JP Morgan Chase in $5-bn settlement with US regulator
26 October 2013
JP Morgan Chase has secured important concessions in a $13-billion settlement over its mortgage practices lawsuit, which could ultimately reduce the lender's financial burden and possibly saddle the government itself with some costs (See: JPMorgan in tentative $13-bn settlement with US regulators).
The concessions were announced yesterday, in an agreement with one of the federal regulators suing JP Morgan, the nation's largest bank.
The regulator, the Federal Housing Finance Agency's deal comes ahead of a broader settlement that the justice department and other authorities negotiating with the bank.
The housing agency, which exercises oversight on Fannie Mae and Freddie Mac, extracted a $5.1 billion payout yesterday.
However, unlike other regulators involved in similar actions with the bank, it did not require JP Morgan to admit wrongdoing.
Also in a provision bundled with the settlement, the agency effectively allowed JP Morgan to try later to recoup about $1 billion from another federal regulator, the Federal Deposit Insurance Corporation.
According to commentators, the results revealed that, even as JP Morgan was under pressure from the government, the bank sought to contain the fallout - and was making progress on some fronts.
In a statement, JPMorgan termed the deal ''an important step towards a broader resolution'' with the justice department as also other government authorities.
Meanwhile, a separate settlement with the US justice department is expected to follow soon.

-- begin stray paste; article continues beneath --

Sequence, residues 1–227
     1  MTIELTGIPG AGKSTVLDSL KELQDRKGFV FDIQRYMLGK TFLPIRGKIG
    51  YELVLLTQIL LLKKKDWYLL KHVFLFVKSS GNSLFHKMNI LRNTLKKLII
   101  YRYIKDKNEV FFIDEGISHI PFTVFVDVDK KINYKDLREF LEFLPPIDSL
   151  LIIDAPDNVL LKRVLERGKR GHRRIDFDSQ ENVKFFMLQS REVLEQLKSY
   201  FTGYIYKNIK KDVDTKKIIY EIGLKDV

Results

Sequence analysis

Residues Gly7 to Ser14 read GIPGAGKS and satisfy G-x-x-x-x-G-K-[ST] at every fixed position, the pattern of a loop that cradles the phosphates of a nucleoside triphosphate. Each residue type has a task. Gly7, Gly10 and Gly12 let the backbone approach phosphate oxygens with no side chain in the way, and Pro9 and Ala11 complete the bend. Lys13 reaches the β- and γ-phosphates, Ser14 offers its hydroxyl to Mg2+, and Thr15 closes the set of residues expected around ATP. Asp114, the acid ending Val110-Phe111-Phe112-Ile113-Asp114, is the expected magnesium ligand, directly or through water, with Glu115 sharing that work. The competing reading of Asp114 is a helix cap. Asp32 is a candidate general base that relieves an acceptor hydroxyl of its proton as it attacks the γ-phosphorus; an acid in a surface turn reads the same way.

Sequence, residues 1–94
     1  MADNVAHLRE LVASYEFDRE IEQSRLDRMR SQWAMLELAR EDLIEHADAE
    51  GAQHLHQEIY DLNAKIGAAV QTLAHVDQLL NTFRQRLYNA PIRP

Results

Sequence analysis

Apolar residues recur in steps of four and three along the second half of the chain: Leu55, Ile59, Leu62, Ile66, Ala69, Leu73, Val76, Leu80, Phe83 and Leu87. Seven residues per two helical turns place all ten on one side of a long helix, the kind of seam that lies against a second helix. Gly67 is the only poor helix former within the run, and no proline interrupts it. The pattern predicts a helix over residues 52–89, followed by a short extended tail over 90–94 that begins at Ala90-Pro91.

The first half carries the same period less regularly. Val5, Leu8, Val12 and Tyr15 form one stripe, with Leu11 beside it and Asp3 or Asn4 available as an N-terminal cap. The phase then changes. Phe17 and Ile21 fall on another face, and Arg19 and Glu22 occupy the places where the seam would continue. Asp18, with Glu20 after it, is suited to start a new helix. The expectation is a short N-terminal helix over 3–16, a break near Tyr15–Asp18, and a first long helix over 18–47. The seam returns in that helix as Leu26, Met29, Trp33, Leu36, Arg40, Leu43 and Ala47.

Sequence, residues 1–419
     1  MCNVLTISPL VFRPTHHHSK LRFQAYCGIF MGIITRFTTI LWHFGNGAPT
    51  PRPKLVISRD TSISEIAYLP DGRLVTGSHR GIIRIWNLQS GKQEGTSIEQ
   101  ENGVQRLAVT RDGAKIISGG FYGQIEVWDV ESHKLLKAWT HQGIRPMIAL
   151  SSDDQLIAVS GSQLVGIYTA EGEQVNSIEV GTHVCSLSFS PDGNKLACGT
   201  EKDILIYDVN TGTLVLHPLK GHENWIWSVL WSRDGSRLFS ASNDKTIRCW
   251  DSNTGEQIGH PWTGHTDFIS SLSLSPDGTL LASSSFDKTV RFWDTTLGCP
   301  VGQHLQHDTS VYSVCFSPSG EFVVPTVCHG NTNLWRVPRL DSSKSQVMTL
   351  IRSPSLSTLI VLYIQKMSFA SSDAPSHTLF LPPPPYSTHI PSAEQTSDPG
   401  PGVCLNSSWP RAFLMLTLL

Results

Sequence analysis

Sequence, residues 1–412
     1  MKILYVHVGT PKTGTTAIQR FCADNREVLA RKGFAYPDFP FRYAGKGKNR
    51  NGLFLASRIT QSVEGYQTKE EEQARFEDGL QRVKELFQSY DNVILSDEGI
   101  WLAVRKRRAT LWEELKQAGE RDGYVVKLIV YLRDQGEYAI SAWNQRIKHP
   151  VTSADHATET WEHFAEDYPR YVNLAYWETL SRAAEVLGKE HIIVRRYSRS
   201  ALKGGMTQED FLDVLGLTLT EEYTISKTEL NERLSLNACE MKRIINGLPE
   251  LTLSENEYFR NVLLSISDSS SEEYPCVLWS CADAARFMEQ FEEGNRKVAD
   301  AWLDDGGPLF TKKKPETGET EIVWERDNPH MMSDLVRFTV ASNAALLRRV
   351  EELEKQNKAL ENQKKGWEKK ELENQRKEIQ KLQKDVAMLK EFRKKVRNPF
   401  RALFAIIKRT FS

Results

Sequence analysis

"This is a significant step to address outstanding mortgage-related issues," the FHFA said in a statement.
The deal comes as the biggest settlement ever by a US bank.
JP Morgan said in a statement that the settlement resolved the biggest case against the firm relating to mortgage-backed securities.
The bank added that the agreement related to "approximately $33.8 billion of securities purchased by Fannie Mae and Freddie Mac from JP Morgan, Bear Stearns and Washington Mutual" from 2005 - 2007.
JP Morgan purchased Bear Stearns and Washington Mutual at the height of the financial crisis of 2008-2009, and has been trying to argue it should not be punished for mistakes made before those deals.
Under the agreement with the FHFA, the bank would pay $4 billion to Fannie Mae and Freddie Mac for settlement of claims that it violated US securities law.
It would pay the agencies an additional $1.1 billion for incorrect representation of the quality of single-family mortgages.